Workforce Transition Systems and Job Quality in Times of Occupational Structural Change: the Case of Displaced Manufacturing Workers in 21st Century Germany and the United States.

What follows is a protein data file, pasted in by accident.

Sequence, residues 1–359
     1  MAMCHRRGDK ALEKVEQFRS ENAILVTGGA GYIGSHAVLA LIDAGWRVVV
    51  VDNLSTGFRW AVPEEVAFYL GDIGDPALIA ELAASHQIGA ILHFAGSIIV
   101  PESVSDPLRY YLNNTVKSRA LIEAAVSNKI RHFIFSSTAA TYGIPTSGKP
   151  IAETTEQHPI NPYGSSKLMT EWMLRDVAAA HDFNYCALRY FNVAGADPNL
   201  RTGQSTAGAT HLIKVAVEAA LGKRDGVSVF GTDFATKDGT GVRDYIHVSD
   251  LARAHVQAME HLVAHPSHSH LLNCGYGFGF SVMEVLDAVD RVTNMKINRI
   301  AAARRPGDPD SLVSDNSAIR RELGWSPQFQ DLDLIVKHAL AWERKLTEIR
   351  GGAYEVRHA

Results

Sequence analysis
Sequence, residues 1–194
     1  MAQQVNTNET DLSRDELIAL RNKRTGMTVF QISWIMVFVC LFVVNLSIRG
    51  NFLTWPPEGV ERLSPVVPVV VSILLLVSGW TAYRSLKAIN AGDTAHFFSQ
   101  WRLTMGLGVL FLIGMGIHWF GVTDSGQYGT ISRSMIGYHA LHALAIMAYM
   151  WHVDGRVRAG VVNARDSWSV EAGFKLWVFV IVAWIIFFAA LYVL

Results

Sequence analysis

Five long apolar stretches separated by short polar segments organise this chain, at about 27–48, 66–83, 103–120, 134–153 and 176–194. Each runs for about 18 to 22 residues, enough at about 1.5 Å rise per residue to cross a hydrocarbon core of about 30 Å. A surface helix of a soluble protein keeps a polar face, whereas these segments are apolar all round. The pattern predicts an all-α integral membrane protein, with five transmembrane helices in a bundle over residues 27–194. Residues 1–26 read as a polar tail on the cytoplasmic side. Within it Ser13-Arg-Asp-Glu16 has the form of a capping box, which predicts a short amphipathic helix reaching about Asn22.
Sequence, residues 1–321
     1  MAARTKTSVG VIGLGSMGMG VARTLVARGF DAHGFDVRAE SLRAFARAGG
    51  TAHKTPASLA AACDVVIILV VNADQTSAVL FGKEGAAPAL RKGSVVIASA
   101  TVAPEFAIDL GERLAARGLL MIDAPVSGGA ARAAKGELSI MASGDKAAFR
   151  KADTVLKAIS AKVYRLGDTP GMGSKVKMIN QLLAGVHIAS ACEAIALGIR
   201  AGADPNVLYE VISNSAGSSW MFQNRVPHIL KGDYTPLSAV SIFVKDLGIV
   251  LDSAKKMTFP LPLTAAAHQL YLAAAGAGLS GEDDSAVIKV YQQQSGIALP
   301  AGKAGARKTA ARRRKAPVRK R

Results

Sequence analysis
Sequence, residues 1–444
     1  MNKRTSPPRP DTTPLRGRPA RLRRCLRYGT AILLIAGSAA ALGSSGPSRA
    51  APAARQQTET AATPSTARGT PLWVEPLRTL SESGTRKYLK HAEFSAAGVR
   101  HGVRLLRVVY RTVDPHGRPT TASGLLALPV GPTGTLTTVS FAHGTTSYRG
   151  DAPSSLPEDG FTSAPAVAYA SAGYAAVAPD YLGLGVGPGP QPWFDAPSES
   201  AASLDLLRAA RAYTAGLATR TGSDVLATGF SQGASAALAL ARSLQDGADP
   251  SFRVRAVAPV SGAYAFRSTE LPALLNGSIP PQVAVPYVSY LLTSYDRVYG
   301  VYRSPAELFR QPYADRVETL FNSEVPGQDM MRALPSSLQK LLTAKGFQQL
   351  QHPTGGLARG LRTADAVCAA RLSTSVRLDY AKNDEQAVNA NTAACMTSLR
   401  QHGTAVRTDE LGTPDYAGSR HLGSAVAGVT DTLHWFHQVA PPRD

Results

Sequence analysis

Deepening deindustrialisation owing to increased globalisation and technological change has destroyed millions of manufacturing jobs in advanced capitalist economies. Despite the sizeable impacts of these shifts, we know little about the specific 21st century job quality trajectories of a ‘most vulnerable’ group of displaced manufacturing workers, whose skillsets have been deemed largely obsolete during these processes. Moreover, the theoretical comparative political economy literature is divided on the question of how advanced economies have managed disruptions in a contemporary context. Specifically, there is disagreement as to whether labour market institutions have converged on a similar market-liberal model in the face of intensifying global competition and race-to-the-bottom pressures, or whether they have continued on their resiliently dissimilar institutional pathways. This thesis fills this gap by systematically tracing job quality trajectories of displaced manufacturing workers in two countries that have undergone deindustrialisation but are ordinarily regarded archetypically ‘opposite’ models in the comparative capitalism and welfare state models literature: the United States and Germany. Invoking the recent social investment literature, the thesis puts forth the concept of the Workforce Transition System (WTS), capturing the policies and institutions most essential to mitigating job dislocations in times of occupational structural change and skill obsolescence. Analysing survey data from 1998–2018, the thesis finds chiefly similar and negative post-displacement job quality trajectories for the same group of displaced US and German manufacturing workers. Next, systematic review of the two countries’ WTS’s and of two ‘best-case scenario’ bespoke labour market instruments (US Trade Adjustment Assistance and German Transfergesellschaften), drawing on primary in- depth elite interviews and process-tracing of impact evaluations and programme reviews, reveals that these outcomes are also mirrored in notable institutional similarities in the purportedly distinct political economies. Commonalities between the two economies have become more pronounced over time, especially through visible convergence on ‘workfare’ policies. However, in other realms, both countries have always been more similar than perceived in the established literature, lending support to the continuing dissimilarity argument. The thesis demonstrates that legacies of a vast ‘hidden welfare state’ in the US and the continued centrality of businesses in both countries’ adult lifelong learning and skills’ training systems further elucidate the analogously unfavourable worker job quality trajectories recorded. Overall, this indicates a mounting need for holistic government re-training and up- skilling initiatives to safeguard job quality during disruptive labour market junctures, which seem to have been insufficient in both economies.